But Hezbollah is no longer just a militia—it’s a country. To somehow divide between the military and political Hezbollah would require ignoring the fact that both are run by the same man: Seyyed Hassan Nasrallah. Ashton is actually proposing to create two avatars: Bad Nasrallah, condemned and blacklisted, and Good Nasrallah, political leader and an equal partner in negotiations between Lebanon and the EU.

About the Author: Yori Yanover has been a working journalist since age 17, before he enlisted and worked for Ba'Machane Nachal. Since then he has worked for Israel Shelanu, the US supplement of Yedioth, JCN18.com, USAJewish.com, Lubavitch News Service, Arutz 7 (as DJ on the high seas), and the Grand Street News. He has published Dancing and Crying, a colorful and intimate portrait of the last two years in the life of the late Lubavitch Rebbe, (in Hebrew), and two fun books in English: The Cabalist's Daughter: A Novel of Practical Messianic Redemption, and How Would God REALLY Vote.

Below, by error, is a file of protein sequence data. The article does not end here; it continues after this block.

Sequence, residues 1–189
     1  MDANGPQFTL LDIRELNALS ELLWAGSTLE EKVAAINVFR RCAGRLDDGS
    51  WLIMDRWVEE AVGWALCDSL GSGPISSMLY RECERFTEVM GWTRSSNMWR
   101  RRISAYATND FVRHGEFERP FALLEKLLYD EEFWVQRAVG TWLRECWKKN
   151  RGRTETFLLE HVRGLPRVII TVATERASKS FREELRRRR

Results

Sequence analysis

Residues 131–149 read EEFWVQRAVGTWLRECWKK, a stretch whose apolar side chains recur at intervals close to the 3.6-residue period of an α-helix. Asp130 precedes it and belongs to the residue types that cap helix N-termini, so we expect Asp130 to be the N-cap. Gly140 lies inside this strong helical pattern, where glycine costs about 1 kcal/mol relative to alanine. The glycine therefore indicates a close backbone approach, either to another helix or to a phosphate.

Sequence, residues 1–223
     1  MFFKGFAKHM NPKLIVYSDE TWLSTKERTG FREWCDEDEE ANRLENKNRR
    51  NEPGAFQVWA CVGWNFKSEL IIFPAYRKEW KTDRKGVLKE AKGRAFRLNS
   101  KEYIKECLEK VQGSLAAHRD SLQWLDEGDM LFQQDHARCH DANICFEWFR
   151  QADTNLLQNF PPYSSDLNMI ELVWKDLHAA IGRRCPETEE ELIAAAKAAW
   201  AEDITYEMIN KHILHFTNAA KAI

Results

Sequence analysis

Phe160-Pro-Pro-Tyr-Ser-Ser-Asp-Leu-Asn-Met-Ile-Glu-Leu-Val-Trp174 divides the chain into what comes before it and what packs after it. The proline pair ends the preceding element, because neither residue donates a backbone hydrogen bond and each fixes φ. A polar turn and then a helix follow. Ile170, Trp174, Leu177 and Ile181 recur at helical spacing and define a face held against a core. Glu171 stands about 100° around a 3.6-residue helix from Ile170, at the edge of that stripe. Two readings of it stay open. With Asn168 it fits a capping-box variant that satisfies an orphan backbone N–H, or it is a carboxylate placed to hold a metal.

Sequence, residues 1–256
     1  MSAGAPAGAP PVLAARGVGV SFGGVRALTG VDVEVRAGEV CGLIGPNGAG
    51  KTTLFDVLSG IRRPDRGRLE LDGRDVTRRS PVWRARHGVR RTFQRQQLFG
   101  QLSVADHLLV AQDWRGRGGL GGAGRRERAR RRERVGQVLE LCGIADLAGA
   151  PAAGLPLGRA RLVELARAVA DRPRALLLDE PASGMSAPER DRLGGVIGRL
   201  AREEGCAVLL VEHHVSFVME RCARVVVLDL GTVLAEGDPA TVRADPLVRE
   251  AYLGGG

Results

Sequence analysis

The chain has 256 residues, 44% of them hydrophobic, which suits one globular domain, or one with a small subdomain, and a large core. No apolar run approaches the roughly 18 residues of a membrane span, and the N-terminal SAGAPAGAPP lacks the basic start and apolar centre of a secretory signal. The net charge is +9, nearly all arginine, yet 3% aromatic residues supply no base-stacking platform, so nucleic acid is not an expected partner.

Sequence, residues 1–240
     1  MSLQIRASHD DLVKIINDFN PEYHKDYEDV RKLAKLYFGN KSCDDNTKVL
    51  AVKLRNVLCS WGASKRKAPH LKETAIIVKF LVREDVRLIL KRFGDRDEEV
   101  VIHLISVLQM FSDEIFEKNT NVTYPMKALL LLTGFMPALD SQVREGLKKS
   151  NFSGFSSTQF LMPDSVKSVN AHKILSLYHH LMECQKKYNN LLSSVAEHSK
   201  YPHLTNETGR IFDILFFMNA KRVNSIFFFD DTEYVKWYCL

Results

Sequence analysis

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5 Responses to “EU to Shun ‘Bad Hezbollah,’ Deal Only with ‘Good Hezbollah’”

  1. Liz Wagner says:

    Any minute now, Obama will make the same pitch for Hamas, here, in the U.S.

  2. Hpela says:

    When reading articles such as this, it is sometimes helpful to take a step back and look at the big picture. It is interesting to see how all other problems a country can have can take a backseat in relationship to the impact Islam has on them. In truth, Islam isn’t that big a problem, or even that big a religion. It is what you “think” that matters. In truth, in relationship to Islam, the countries that have a problem with the way Islam impacts their infrastructure in a profound, intense, negative, daily manner are those that are at war with Islam. So if we do a check

  3. Hpela says: